# Can someone explain moles and osmoles to me?

Asked by

simone54 (

7584)
February 15th, 2010

Yes, it’s for home work. I am not getting it.

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## 4 Answers

Okay, let’s start with something you are familiar with: a dozen. It doesn’t matter what the items are, if you have a dozen of something you have twelve.

Now let’s say you want to make 2 dozen cupcakes. A cupcake is complete when you have the cooked batter and it has icing on top. Now let’s say that you know how much batter weighs to make a dozen cupcakes and you know how much icing weighs to cover those dozen cupcakes, (and those weights are not going to be the same, they are relative to what is it you’re weighing). To make the two dozen cupcakes you weigh out 2 X how much batter you need for a dozen cupcakes. You weigh out 2 X the icing you need for a dozen cupcakes. You make the 2 dozen cupcakes and the amounts work out perfectly.

Switch gears, now you want to make one dozen NaCl. You take one dozen sodium (Na) atoms and one dozen chlorine (Cl) atoms, combine them together and you get 12 NaCl. However, getting the twelve atoms of each was pretty tricky. You remember back to making cupcakes and wish there were an easy way to weigh out sodium and chlorine and know that you had an equal count (atoms) of each element so that you could combine them together evenly. Well, you can! It turns out that amounts like a dozen are too small to be practical, but if you got 6.022×10^23 atoms it turns out to be pretty useful: 6.022×10^23 carbon atoms weigh about 12 grams, 6.022×10^23 sodium atoms weighs about 22.90 grams, 6.022×10^23 chlorine atoms weighs about 35.45 grams. Interesting. If you take a look at the periodic table the atomic mass of carbon is about 12, sodium is about 22.90, and chlorine is about 35.45. That 6.022×10^23 number is useful, but kind of awkward to use. Let’s just call it a “mole.” Nothing to tricky about it. When I have a dozen of something I have 12. When I have a mole of something I have 6.022×10^23.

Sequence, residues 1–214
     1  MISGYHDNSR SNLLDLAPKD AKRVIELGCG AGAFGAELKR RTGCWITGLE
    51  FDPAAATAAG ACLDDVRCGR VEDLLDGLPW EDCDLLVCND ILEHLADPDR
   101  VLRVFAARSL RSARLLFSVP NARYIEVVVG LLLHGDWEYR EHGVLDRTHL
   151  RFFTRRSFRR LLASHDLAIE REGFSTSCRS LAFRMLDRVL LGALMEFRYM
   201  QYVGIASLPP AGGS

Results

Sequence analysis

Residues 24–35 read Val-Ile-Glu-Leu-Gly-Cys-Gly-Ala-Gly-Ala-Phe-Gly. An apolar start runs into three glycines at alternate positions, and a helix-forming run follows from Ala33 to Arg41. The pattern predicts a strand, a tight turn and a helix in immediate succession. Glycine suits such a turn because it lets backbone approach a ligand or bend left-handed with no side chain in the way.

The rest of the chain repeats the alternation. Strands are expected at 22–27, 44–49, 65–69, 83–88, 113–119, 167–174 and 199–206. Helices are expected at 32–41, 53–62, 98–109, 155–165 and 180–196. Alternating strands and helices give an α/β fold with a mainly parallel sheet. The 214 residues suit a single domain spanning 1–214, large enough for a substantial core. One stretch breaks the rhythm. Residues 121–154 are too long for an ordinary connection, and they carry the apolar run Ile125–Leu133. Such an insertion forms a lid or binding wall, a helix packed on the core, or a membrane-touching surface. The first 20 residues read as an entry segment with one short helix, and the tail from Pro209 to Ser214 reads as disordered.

If I want to make 1 NaCl: I take 1 Na and 1 Cl and I get 1 NaCl

If I want to make 1 dozen NaCl: I take 12 Na and 12 Cl and I get 12 NaCl

If I want to make 1 mol NaCl: I take 1 mol Na and 1 mol Cl and I get 1 mol NaCl

(however, we can look at the periodic table to see how much a mole weighs, let’s do that last one again)

If I want to make 1 mol NaCl: I take 22.90 grams of Na and 35.45 grams of Cl and I get 1 mol of NaCl

Let’s consider something else: CH4.

I need 1 carbon atom and 4 hydrogen atoms for every molecule of CH4.

If I want to make a dozen CH4: 12 carbon atoms and 48 (4×12) hydrogen atoms

If I want to make 1 mole CH4: 1 mole carbon atoms and 4 mole hydrogen atoms

or

1 mole (16 grams) CH4: 12 grams carbon and 4 (1×4) grams of hydrogen

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Does that help?

(It’s late at night, I’m going to reread this in the morning to see if it makes sense)

You explain that much better then prof who has been teaching for years. Thanks.

Mole problems?

Call Avogadro on: 6022–1023

The short answer is

*“a Mole is the number of molecules you need, to have a mass in grammes, of the same magnitude as the molecular mass in atomic mass units”*

it is basically the *ratio* between one gramme and one atomic mass unit.

There are 1mol of atomic mass units in a gramme.

Oddly enough, the atomic mass unit is not defined as ¹H, but as 1/12 of ¹²C.

There are other things that complicate the molecular mass, but you almost certainly don’t have to worry about them for a couple of years.

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